Anger is a brief lunacy. -Horace The Iliad, an epic poem written by Homer, portrays rage and vengeful human behavior. In his work, Homer introduces Achilles, an invincible and stubborn warrior. He has no match on the battlefield and is considered one of the greatest Greek fighters in the Trojan War (Sparknotes). Quick to offend, he is enraged when the King of Mycenae and leader of the Greek army, Agamemnon, speaks ill of him in front of the Achaen troops and demands Achilles prize, Briseis, in exchange for his own, Chry ses. Incensed at the presumptuousness and selfishness of Agamemnon, he withdraws from the Greek camp andthe battle, refusing to fight further.

Feeling betrayed, his honor compromised and his character disrespected, Achilles the larger-than-life hero seeks the advice of his mother, the sea goddess Thetis. During their meeting, Achilles sulks and broods over his losses, proving after all that godlike warriors are only men prone to their own human adversities. Emphasizing this theme of rage, the poem opens, Rage, Goddess, sing the rage of Peleus son Achilles... From the events to follow in the Iliad we are able to conclude that all men are subject to rage when their honor, loyalty and earned status are imperiled. Rage, with a furious intensity, clouds over Achilles like a storm. Despite his comrades in arms, Achilles, acting in vengeance, refuses to battle, and it is rage that makes it so that Achilles would rather see friends wounded than be slighted by Agamemnon (Book rags).

Achilles relies on Thetis many times for advice and divine assistance. Acting helpless, he succumbs to his human afflictions and lets her work out his problem for him, he weeps and implores his noble mother But you, mother, if you have any power at all, protect your son! (Iliad, I, 467-468). Achilles, his only vulnerable spot in his heel, is reduced to moping to his mother and begs her to plead with Zeus for his own pitied sake. Even after th Greeks send an entourage to Achilles requesting his return to battle in exchange for treasure and an unharmed Briseis, Achilles refuses because his pride and honor have been tarnished. Godlike Achilles despite his great stature is reduced to the distresses of human emotions.

Achilles tendency to immaturity progresses to a variety of inappropriate and potentially dangerous and destructive behaviors. His reliance on his mother, inability to exert self-control, and his resort to violence are an easy solution to any perceived problems. Throughout the Iliad Achilles behaves in a spiteful manner. He is stubborn and unreasonable, sullen and resentful when he cannot have his way and takes advantage of his strength when challenged. Achilles, in book one, loses a battle with Agamemnon and cannot retaliate. Instead he retreats in frustration and self-pity and cries Mother, you gave me life...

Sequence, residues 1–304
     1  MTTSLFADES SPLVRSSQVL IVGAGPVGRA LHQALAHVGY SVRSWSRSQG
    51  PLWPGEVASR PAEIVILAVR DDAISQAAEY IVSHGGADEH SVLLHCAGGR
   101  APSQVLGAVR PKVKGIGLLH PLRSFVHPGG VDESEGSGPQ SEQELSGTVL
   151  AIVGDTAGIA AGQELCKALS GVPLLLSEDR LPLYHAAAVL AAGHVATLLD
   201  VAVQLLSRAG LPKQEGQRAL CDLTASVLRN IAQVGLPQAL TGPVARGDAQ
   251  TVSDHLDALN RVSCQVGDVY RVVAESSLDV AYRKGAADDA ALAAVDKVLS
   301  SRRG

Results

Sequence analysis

so at least Olympian Zeus, thundering up on high, should give me honor, but now he gives me nothing... Agamemnon... seizes and keeps my prize (Iliad, I, 416-419). He again seeks his mother divine intervention when his armor is lost to Hector, How canI go to war The Trojans have my gear. And my dear mother told me I must not arm for battle, not till I see her coming back with my own eyes... (Iliad, XVII, 218-220).

Thetis enlists Hephaestus, the gods metal-smith, to forge for Achilles a new armor. His inability to exert self-control is another unattractive trait portrayed by Achilles. Determined to avenge the death of Patroclus, his close friend and companion, he ignores his mother s sound advice. But now, for the moment, let me seize great glory! he demands (Iliad, XVIII, 144). Warning Thetis, Don t try to hold me back from the fighting, mother, love me as you do. You can t persuade me now (Iliad, 149-150).

Later when he attempts to force the Achaen army to attack the Trojans immediately, he insists I, by god, I d drive our Arrives into battle now, starving, famished and only then... lay ona handsome feast... (Iliad, XIX, 246-247). Odysseus, wisest of the Achaean heroes, responds by reminding him that the soldiers need to eat Remember food and drink-so all the more fiercely we can fight our enemies, nonstop, no mercy... (Iliad, XIX, 274-275). Consistently, Achilles chooses violence to rationality in response to any challenge.